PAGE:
Dave Morgia:

Yeah. And so since the business plan involves, I guess you want some level of trying to return capital from a partner was was the business plan different because of that, because of a deal where you maybe ran it solely yourself? You might be okay with a lack of cash flow cup first couple years or these types of things. So was there a different kind of call to action on this deal that you had to make sure you're aware of you otherwise didn't have to kind of answer to?

Paul Barbeau:

Well, yeah, it was it was. It was a call to action and then also kind of a wake up call because we him and I didn't know how much we were going to spend on the property to begin with. And so we did negatively cashflow for about a year, year and a few months while we were just taking all the money and putting it into the apartment and At the time, we didn't know how we didn't know that we were going to be able to exit it what we did what we did for and we made really good money on it. But it was it was nerve wracking at the time because we're like, oh, man, we're spending all this money. And I was still new to the multifamily game too. And one of the things I did learn on that, on that journey was, and then going forward, I do want to syndicate deals, again, get joint venture partners, whatever, but is making sure you have enough money a that you borrowed from the bank, or be that you raised from investors to, to make those repairs to get to where you want to get the property or where you want it to be. That makes sense. So you're not in a crunch? And let's say you had 10 partners, and you were like, Oh, crap, the bank accounts looking a little low. Go to these 10 people in there going well, no, there's you know, that's not what you said, you didn't say, we're going to put more money into here, you know, after after the initial capital raise. So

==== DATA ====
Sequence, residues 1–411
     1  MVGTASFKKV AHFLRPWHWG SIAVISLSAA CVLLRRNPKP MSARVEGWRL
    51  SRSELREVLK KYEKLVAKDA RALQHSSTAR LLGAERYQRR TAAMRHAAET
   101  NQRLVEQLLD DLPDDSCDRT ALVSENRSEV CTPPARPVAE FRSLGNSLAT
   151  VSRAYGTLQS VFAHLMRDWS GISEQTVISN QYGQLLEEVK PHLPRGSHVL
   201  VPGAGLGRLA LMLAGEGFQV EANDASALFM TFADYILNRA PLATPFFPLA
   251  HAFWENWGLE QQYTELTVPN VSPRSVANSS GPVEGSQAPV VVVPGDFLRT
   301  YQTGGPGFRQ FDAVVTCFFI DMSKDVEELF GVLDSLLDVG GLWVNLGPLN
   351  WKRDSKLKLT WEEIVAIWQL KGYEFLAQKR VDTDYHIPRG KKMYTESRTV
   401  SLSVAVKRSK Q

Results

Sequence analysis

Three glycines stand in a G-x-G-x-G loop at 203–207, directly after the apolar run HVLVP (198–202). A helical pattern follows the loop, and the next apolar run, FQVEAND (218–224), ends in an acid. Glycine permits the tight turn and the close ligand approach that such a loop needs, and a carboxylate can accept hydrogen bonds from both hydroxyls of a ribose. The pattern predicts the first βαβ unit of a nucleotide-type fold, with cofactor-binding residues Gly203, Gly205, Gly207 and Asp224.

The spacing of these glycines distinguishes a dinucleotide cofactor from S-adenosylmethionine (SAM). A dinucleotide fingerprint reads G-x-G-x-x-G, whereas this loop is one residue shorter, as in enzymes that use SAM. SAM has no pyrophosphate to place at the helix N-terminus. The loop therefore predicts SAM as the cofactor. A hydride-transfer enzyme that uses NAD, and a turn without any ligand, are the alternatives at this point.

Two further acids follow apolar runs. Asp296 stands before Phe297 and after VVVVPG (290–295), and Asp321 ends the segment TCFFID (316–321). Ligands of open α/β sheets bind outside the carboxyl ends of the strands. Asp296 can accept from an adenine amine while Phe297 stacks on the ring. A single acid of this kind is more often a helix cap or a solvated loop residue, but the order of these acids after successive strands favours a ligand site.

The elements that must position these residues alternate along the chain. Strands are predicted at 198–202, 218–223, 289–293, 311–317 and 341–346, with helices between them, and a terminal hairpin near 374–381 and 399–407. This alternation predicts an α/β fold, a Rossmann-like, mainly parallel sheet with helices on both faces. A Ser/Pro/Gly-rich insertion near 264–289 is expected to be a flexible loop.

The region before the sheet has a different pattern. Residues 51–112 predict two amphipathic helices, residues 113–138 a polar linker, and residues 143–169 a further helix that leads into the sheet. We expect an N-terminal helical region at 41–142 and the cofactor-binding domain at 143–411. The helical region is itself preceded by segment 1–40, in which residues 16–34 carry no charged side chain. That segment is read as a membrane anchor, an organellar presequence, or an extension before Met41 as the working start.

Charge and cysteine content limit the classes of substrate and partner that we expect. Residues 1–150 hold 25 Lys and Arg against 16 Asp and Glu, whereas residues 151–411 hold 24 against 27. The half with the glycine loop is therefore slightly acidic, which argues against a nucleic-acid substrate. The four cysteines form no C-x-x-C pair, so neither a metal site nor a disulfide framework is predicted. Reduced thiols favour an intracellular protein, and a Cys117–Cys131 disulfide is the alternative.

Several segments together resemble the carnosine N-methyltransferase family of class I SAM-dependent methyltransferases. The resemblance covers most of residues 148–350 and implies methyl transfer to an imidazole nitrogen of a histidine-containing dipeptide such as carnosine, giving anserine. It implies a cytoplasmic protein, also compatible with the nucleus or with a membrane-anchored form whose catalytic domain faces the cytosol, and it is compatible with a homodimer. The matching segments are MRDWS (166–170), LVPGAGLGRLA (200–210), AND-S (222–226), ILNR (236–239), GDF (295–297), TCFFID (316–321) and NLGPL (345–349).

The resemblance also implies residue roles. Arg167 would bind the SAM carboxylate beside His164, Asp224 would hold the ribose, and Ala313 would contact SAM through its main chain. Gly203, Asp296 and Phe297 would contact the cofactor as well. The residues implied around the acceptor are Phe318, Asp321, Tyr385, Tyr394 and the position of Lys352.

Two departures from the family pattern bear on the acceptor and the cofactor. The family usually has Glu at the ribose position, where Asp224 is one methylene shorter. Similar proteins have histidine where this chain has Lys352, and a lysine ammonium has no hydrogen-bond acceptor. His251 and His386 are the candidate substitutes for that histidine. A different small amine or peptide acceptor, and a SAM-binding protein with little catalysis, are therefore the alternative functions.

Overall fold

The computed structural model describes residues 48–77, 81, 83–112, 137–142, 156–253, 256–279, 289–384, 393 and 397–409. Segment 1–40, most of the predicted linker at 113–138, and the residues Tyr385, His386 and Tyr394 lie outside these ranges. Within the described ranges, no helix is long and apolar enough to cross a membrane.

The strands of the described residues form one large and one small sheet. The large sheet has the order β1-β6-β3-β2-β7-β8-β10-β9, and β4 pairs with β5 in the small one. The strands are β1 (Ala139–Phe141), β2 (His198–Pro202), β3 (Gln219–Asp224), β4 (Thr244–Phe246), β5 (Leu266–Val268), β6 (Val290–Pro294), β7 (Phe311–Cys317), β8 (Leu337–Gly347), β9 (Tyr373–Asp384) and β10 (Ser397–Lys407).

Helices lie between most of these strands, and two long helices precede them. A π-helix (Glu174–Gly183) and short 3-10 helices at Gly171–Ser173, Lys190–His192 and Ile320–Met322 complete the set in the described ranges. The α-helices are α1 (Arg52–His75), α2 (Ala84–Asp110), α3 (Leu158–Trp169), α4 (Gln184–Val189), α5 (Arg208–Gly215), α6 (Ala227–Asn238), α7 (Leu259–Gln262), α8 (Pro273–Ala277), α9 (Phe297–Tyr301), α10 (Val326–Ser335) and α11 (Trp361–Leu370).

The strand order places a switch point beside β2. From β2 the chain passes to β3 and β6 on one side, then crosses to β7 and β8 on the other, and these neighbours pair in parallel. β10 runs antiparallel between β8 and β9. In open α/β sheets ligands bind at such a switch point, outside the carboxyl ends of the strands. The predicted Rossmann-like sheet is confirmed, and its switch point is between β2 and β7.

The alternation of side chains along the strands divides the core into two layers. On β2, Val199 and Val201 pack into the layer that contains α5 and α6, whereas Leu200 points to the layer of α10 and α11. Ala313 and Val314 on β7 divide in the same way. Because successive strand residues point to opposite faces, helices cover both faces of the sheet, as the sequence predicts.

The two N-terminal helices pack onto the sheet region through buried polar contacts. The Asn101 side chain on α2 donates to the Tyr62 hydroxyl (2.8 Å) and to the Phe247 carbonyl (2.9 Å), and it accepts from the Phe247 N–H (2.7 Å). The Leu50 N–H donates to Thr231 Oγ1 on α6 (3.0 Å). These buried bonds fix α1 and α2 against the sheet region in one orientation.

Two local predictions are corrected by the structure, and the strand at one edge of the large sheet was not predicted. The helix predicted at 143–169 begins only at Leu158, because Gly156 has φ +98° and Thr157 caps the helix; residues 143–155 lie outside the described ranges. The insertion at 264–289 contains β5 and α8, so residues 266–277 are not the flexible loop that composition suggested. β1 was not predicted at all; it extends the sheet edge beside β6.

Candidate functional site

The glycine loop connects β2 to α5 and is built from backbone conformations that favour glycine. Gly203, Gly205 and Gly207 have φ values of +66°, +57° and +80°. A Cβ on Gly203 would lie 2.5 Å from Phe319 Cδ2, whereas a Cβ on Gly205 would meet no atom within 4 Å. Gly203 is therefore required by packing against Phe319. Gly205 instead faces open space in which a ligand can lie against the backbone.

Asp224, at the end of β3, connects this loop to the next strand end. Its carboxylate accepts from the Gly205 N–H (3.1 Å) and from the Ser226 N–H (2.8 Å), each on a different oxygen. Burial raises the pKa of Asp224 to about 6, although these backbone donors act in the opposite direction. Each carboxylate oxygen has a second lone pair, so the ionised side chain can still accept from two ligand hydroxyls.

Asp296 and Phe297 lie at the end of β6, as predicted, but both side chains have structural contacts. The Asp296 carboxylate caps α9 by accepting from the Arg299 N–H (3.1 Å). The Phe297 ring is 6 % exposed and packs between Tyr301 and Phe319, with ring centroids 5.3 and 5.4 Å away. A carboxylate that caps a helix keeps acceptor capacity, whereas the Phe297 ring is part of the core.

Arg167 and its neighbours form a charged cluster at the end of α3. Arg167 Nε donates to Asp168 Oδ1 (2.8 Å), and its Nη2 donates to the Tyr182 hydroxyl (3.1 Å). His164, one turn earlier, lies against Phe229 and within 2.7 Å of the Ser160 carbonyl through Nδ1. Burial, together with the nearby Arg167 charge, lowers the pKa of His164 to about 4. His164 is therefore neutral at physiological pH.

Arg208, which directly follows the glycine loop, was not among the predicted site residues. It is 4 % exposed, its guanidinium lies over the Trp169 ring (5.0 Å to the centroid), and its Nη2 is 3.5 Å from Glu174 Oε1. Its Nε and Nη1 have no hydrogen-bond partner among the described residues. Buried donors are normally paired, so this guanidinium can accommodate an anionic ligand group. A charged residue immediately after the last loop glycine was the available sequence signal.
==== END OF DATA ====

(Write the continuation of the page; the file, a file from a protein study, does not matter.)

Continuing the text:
Dave Morgia:

yeah, I guess the cardinal sin, I say, right, is to use a cash flow down instead of CapEx dollars on improvements, right. So you're scheduling to use the cash flow dials, you're probably not using the right bucket. Which, if you're on your own deal, like you've done a couple of those where it's mostly just you, you have to respond to you can, you can get away with that it's your own risk tolerance, no one to tell you now, but one year using like you talking about either a partner or syndicating which, where you have many limited paths and partners in a deal that you pretty much are advertising, you know, you're going to expect some level of cash flow to come back. There's a lot of risk Patel's there to pretty much say you better raise for first, right? Yeah. So just curious to hear your takes.

Paul Barbeau:

Yeah, and it also depends on some people say, Well, how much money can you make with apartments? How much cash flow can I have with this, this type of property or this much downpayment or whatever, and it's, it's gonna really highly depend on your loan, a, and then in the B, what kind of property it is. So I like to buy the C Class value add properties, if you bought an A class, you know, you only have to go in there and vacuum the carpets and touch up paint, every time someone moves out, you're going to cash flow well, and you're not going to need the extra dollars. But and then also some people get, you know, interest only loans and all that stuff for periods of time. And that's definitely going to help your cash flow versus, you know, fully amortizing loan where you're paying the interest in the principle from day one, you know, either make sure that you're, you're prepared to make those payments.